Wednesday, September 23, 2009

Orchestrion Hall, Baltimore

A few days ago, my Twitter followers may be been slightly mystified by my Tweets about finding hidden treasures in Baltimore.

I had the inestimable pleasure of seeing a private collection of clocks, mechanical musical instruments, old fans, lamps, and more... all very rare and very interesting.

The tower clock collection was particularly impressive. The house was fitted with several tower clock dials on the outside. I've gone down that street many years and never looked up to notice them. There is even a dragon outside that strikes a bell with his tail. On the inside, there were some large tower clock movements (like the one pictured above) with slots cut in the floor below them so that the pendulum could swing in the room below.

I did a reblog post a few weeks ago from a Steampunk site about old tower clock towers being converted into apartments - but those places didn't have clocks in them.

There were several tower clocks, most with 3-legged gravity escapements. The whole house seemed to tick away, as if the collector were living inside a giant engine room.

...That's just the tower clocks, in addition there are Winterhalter u. Hoffmeier tubular chimes, regulator master clocks, and Egyptian Revival clocks aplenty...

The place isn't called Orchestrion Hall for nothing. The collector is a worldwide authority on mechanical organ restoration, particularly the very rare and very excellent Welte orchestrions.

He has more mechanical musical instruments too, including a very loud band organ.

His shop is in the basement below, and he uses all turn-of-the-century, belt-driven machines. When I jokingly asked where the steam engine was he pointed to an original early electric motor, and around the corner (in the basement) there was a HUGE single-cylinder Diesel engine.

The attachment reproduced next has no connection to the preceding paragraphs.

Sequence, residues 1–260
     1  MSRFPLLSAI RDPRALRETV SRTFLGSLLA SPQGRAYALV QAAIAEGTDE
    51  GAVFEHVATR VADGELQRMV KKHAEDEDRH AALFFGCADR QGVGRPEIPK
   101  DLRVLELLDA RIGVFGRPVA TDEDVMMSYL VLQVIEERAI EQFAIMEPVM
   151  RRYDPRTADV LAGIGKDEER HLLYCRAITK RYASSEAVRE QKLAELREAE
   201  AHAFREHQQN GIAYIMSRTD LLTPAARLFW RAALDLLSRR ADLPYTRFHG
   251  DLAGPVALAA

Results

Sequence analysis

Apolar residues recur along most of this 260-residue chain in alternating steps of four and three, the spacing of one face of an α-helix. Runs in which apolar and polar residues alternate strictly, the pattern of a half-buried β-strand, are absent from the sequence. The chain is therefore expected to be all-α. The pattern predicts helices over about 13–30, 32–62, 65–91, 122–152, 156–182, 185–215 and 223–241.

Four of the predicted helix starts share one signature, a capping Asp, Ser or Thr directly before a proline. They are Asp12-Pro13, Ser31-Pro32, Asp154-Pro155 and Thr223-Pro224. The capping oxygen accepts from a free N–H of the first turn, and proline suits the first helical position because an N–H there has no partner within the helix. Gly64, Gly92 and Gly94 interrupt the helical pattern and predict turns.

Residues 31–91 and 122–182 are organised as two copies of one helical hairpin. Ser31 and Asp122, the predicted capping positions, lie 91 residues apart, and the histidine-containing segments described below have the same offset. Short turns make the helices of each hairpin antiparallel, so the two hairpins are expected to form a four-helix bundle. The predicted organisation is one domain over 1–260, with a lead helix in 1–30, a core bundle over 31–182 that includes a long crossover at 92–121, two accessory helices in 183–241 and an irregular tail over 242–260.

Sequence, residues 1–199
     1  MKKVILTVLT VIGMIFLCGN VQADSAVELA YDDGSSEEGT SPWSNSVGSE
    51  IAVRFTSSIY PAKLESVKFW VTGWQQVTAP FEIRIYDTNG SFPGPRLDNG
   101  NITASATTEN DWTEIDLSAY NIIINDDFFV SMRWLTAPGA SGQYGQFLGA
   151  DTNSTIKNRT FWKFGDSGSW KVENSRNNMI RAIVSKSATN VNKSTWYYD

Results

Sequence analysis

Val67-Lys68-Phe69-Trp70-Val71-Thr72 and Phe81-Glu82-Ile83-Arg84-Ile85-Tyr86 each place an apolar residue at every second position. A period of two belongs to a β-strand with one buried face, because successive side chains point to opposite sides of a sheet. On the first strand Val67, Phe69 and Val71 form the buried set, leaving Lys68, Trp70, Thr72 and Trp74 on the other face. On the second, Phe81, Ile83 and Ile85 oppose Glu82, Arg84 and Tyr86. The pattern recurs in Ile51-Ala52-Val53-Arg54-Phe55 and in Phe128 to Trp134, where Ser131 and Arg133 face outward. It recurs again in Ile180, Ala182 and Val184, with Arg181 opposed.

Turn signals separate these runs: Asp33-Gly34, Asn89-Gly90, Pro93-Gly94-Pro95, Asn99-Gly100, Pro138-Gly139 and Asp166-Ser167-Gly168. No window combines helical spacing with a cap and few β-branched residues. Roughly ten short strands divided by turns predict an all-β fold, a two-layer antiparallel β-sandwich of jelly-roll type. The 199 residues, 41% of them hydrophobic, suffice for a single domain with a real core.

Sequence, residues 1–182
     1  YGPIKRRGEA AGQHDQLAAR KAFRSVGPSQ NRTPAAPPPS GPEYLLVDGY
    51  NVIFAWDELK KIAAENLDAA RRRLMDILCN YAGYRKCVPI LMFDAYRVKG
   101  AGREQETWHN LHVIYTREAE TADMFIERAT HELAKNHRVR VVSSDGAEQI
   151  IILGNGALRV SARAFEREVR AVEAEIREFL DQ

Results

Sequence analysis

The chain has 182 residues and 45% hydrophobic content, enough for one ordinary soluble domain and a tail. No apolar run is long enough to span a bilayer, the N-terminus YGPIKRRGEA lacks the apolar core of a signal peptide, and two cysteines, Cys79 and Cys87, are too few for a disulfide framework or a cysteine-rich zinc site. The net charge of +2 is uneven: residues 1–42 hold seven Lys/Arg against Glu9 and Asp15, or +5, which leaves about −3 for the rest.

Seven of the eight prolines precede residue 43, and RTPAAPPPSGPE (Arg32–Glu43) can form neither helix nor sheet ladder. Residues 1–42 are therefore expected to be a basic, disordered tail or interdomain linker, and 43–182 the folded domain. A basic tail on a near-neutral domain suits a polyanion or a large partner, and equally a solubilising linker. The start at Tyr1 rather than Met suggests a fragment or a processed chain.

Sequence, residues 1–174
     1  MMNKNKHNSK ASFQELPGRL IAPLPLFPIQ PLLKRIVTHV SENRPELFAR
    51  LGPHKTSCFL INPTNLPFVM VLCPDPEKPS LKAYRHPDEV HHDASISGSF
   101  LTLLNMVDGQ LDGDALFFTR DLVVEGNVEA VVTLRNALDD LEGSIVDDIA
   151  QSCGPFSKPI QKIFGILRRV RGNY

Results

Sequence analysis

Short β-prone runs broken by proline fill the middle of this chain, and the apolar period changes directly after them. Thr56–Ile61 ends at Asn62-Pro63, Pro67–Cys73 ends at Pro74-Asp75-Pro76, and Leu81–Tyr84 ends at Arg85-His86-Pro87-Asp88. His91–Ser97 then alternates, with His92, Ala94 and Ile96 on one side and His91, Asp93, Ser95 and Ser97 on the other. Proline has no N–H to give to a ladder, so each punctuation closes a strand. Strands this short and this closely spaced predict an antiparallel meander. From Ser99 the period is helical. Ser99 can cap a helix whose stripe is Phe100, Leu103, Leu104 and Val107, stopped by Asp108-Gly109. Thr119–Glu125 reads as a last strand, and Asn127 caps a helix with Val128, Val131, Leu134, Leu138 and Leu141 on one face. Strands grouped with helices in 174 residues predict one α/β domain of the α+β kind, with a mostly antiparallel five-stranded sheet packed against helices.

The collection also includes fans...

This one has a light bulb that's used only for impedance, to slow down the fan.

I wish I had more pictures. This place was a treasure trove of fascinating stuff!

Thanks to Arcadian Clock for some of the pictures above.


  1. Wow- Looks great Dolf...thanks for sharing! Justin

  2. It was a truly exciting afternoon. I realized as I wrote up this post that I didn't take nearly enough pictures.

    Many of the tower clocks had slots cut in the floor so that the pendulum swung in the room below, like next to the dining room chandelier or in the master bedroom, for example. This was interior design like no other.

    Also worth mentioning is the fact that this wasn't always in the safest of neighborhoods. It's amazing what you don't know exists in the unlikeliness of places. Behind the drug dealers and prostitutes there might be a museum of turn-of-the-Century wonders.